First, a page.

Even though some of you may be buried in snow, winter has definitely left Phoenix: it’s been in the 90s. That is unseasonably warm and most of us hope it cools off again before it’s supposed to be that hot. But before winter is officially over, I wanted to post some of the birds that wintered in our yard.

Orange-crowned Warbler

Without a doubt I enjoyed this little guy, above (“Yellow Bird”), the most. He was here last winter, too, and I hope he comes back next year. It’s a drag getting attached to a wild animal, not knowing if you’ll ever see them again. The above photo was taken a couple days ago and I haven’t seen him since so maybe he has begun migration. Safe travels, little dude.

Yellow-rumped Warbler, Audubon’s

This warbler, above, was the first time I’ve seen this species in our yard. It and the Orange-crowned Warbler were chasing each other around the mesquite tree the other day.

White-crowned Sparrow

I only saw this bird, above, for one day. Last year we had several come in the spring when our mulberry trees got berries…that will happen in the next couple of weeks so maybe they will be back. Hoping for some other berry-eaters, too.

Ruby-crowned Kinglet

Rosy-faced Lovebirds

House Finches, male and female

Anna’s Hummingbirds, male and female

Gila Woodpecker, male

Northern Mockingbird

House Sparrow, female

Verdins

Curve-billed Thrasher

Migration will be in full swing soon so I hope to see some new and exciting birds.

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Tiny Cuties

yrwa-1_edited-1

yrwa-2

yrwa-3Yellow-rumped Warbler, Audubon’s, male

These cute guys show up in the Phoenix area in the winter but they’re so fast that it’s often hard to get a clear shot. However, this little guy was very cooperative the other day at the Desert Botanical Garden and almost seemed to enjoy my attention. So did this guy, who let me get about a foot away from him:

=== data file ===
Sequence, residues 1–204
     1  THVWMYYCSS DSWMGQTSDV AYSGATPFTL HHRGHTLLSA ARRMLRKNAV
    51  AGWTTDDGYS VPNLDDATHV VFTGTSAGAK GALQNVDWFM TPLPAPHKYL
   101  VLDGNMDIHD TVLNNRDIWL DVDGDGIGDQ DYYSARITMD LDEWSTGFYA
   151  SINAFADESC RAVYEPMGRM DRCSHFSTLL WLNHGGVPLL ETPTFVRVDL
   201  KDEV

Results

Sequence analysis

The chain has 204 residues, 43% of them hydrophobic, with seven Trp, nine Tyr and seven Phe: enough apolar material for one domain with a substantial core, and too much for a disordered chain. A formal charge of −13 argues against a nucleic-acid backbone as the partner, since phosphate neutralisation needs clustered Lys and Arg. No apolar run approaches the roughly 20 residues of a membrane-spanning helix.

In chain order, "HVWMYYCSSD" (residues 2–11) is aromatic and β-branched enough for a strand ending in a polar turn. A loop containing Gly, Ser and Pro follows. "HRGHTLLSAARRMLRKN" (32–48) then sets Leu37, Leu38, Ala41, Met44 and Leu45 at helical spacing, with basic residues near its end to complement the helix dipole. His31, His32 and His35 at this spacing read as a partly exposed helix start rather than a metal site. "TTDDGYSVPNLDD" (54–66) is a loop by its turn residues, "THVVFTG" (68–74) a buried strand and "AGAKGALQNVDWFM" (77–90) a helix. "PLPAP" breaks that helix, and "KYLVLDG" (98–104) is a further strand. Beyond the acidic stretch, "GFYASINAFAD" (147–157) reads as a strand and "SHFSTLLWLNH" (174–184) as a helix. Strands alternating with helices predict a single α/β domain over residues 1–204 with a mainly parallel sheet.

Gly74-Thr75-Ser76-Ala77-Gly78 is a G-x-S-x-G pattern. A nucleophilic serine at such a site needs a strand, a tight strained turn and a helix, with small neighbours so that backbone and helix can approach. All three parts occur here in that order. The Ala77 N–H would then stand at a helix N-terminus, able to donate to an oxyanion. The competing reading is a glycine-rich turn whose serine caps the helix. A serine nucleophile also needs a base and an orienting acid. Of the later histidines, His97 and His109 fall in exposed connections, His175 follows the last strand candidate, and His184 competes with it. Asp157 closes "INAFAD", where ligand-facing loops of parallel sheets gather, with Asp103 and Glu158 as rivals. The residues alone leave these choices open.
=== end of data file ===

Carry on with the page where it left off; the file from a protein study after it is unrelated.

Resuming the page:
costasCosta’s Hummingbird, male

I never see Costa’s in my yard. We have many Anna’s year-round and a couple Black-chinned in the spring.

annas-12-10-16

h-bird-12-30-16

annas-1-1-17Anna’s Hummingbirds, male

My little yellow yard bird has done many cute things lately.

orange-ocwa-12-10-16_edited-1

ocwa-suet-12-30-16Orange-crowned Warbler, male

And the tiny Verdins are always busy and love their fruit:

verdin-orange-12-30-16

verdin-pom-2

verdin-pomVerdins

finch-chollaHouse Finch, female

finch-12-30-16House Finch, male

Did you know that House Finches were originally a southwestern bird but can now be found all over the US? I just found that out recently.

black-phoebe-sculpture_edited-1Black Phoebe

I’ve been to two places in the last week looking for specific Lifers and didn’t find either! I’m declaring two 2017 Goals here:

  1. Find at least 60 Lifers (this will require more day trips but as Tony is now retired, he is willing to come along to interesting places).
  2. Volunteer at the Desert Botanical Garden for at least 100 hours (which isn’t really much over a 52 week period).

Do you have any goals you want to put into writing this year?